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James Frey Lawsuit Settled: Judge Orders 1,729 Refunds

Daily News

Online Only, posted 11.05.07

On Friday, a federal court judge in New York City approved a settlement in the lawsuit brought against Random House by 1,729 readers who bought James Frey's controversial memoir A Million Little Pieces (Nan A. Talese, 2003). Those readers, all of whom bought the book before January 26, 2006, the day the author and his publisher acknowledged that parts of the book are fictional, will receive a refund. The settlement will cost Random House $27,348 in refunds as well as over $1 million in legal expenses. The settlement also calls for the publisher to donate a total of $180,000 to the American Red Cross, the Hazeldon addiction treatment center, and First Book.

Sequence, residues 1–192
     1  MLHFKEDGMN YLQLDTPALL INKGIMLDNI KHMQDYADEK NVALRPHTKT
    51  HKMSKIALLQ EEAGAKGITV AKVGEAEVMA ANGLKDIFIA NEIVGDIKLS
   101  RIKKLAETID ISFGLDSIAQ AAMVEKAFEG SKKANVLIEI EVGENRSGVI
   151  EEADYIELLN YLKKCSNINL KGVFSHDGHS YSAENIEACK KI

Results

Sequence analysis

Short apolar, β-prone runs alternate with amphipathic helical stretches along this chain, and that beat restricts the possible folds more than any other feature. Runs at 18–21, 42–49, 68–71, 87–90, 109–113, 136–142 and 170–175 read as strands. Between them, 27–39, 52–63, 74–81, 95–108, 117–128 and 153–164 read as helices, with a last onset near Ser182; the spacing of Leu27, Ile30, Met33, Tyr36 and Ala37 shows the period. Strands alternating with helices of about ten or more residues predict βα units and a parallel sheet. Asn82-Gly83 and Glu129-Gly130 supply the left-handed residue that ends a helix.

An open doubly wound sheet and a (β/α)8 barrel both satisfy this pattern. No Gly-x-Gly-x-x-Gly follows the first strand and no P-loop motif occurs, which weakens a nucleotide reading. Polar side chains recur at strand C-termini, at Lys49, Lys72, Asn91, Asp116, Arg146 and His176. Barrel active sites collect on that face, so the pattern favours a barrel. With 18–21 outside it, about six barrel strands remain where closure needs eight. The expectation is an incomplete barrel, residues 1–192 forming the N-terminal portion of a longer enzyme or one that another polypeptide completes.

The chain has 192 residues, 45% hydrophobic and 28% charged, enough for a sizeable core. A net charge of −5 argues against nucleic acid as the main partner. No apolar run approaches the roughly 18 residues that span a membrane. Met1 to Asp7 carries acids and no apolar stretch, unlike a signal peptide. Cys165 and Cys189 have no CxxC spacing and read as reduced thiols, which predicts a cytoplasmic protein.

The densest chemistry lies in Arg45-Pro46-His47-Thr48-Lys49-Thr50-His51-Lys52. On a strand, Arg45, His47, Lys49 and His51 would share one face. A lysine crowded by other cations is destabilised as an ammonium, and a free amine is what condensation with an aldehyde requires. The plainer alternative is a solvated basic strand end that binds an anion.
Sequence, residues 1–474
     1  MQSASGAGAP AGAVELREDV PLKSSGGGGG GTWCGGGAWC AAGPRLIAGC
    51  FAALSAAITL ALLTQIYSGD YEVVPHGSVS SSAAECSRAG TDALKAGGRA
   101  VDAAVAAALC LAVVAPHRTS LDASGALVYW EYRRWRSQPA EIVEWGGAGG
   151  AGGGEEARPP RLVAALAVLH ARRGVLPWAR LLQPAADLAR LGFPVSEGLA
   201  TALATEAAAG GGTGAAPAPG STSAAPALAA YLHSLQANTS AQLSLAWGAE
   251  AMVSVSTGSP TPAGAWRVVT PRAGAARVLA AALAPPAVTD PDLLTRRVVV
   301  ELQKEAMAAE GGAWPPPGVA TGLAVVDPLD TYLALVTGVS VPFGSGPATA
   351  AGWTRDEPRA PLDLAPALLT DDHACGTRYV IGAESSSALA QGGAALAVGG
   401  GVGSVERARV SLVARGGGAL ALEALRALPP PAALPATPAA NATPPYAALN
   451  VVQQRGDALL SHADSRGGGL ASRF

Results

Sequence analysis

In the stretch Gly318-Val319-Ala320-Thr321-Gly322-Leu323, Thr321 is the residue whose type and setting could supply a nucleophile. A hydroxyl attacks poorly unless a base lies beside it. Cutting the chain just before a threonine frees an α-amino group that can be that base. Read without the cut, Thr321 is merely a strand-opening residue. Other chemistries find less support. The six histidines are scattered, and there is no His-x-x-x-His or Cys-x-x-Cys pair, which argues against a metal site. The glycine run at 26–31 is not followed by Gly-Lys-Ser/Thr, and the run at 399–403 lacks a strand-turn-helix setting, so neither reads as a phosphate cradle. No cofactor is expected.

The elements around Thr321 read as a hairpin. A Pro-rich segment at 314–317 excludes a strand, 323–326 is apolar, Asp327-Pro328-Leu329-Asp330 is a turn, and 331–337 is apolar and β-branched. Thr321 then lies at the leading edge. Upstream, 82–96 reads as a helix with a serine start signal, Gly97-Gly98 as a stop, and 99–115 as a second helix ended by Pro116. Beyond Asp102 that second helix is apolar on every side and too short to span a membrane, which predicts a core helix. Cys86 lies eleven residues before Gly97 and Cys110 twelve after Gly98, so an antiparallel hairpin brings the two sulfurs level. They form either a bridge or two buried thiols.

Attorney Larry D. Drury pointed out that 93,738 copies of A Million Little Pieces were sold in the seven months after the controversy started. He also revealed that Frey had been paid $4.4 million in royalties.

In September, HarperCollins announced that it had acquired Frey's third book, a novel titled Bright Shiny Morning, and plans to publish it next summer.

City Guide

by Jen Michalski

Author Jen Michalski takes us on a tour of the many literary sites writers should visit while strolling the gritty streets of Baltimore.

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November/December 2014

Artist and architect Matteo Pericoli pairs drawings of views from the desks of writers around the world with essays by those writers about where they write, what they see, and how their view informs their work

by Mira Ptacin

November/December 2014

Despite struggles, libraries are learning to navigate the ever-changing, and often cost-prohibitive, landscape of digital lending.

 

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